Edinburgh Research Explorer

Variability in phase and amplitude of diurnal rhythms is related to variation of mood in bipolar and borderline personality disorder

Research output: Contribution to journalArticle

  • O Carr
  • K E A Saunders
  • A Tsanas
  • A. C. Bilderbeck
  • Niclas Palmius
  • J R Geddes
  • R Foster
  • G M Goodwin
  • M. de Vos

Related Edinburgh Organisations

Open Access permissions



  • Download as Adobe PDF

    Rights statement: This article is licensed under a Creative Commons Attribution 4.0 International License, which permits use, sharing, adaptation, distribution and reproduction in any medium or format, as long as you give appropriate credit to the original author(s) and the source, provide a link to the Creative Commons license, and indicate if changes were made. The images or other third party material in this article are included in the article’s Creative Commons license, unless indicated otherwise in a credit line to the material. If material is not included in the article’s Creative Commons license and your intended use is not permitted by statutory regulation or exceeds the permitted use, you will need to obtain permission directly from the copyright holder. To view a copy of this license, visit http://creativecommons.org/licenses/by/4.0/.

    Final published version, 2.31 MB, PDF document

    Licence: Creative Commons: Attribution (CC-BY)

Original languageEnglish
Pages (from-to)1649
JournalScientific Reports
Issue number1
Early online date26 Jan 2018
Publication statusE-pub ahead of print - 26 Jan 2018


Variable mood is an important feature of psychiatric disorders. However, its measurement and relationship to objective measureas of physiology and behaviour have rarely been studied. Smart-phones facilitate continuous personalized prospective monitoring of subjective experience and behavioural and physiological signals can be measured through wearable devices. Such passive data streams allow novel estimates of diurnal variability. Phase and amplitude of diurnal rhythms were quantified using new techniques that fitted sinusoids to heart rate (HR) and acceleration signals. We investigated mood and diurnal variation for four days in 20 outpatients with bipolar disorder (BD), 14 with borderline personality disorder (BPD) and 20 healthy controls (HC) using a smart-phone app, portable electrocardiogram (ECG), and actigraphy. Variability in negative affect, positive affect, and irritability was elevated in patient groups compared with HC. The study demonstrated convincing associations between variability in subjective mood and objective variability in diurnal physiology. For BPD there was a pattern of positive correlations between mood variability and variation in activity, sleep and HR. The findings suggest BPD is linked more than currently believed with a disorder of diurnal rhythm; in both BPD and BD reducing the variability of sleep phase may be a way to reduce variability of subjective mood.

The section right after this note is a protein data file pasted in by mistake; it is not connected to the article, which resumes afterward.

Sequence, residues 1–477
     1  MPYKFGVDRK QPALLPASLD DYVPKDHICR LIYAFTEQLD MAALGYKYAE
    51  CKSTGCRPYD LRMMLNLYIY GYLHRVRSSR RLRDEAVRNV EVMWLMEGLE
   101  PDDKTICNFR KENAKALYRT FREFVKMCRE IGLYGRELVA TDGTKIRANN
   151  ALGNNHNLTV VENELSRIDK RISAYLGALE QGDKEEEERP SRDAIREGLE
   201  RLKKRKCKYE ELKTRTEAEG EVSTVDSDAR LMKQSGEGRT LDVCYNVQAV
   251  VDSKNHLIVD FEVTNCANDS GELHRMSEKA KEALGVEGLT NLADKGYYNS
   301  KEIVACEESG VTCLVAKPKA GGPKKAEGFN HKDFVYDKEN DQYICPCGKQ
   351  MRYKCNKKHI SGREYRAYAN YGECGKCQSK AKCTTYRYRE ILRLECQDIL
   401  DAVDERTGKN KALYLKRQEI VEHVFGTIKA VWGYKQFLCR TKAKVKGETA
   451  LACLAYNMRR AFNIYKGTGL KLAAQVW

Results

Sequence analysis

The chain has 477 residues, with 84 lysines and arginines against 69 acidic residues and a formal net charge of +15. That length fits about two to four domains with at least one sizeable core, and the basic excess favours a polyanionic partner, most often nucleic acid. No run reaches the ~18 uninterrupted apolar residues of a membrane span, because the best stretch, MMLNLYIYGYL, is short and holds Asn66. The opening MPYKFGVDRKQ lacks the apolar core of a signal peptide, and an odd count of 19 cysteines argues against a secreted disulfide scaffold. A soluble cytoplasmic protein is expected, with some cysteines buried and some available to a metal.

Research areas

  • Journal Article

Download statistics

No data available

ID: 53407407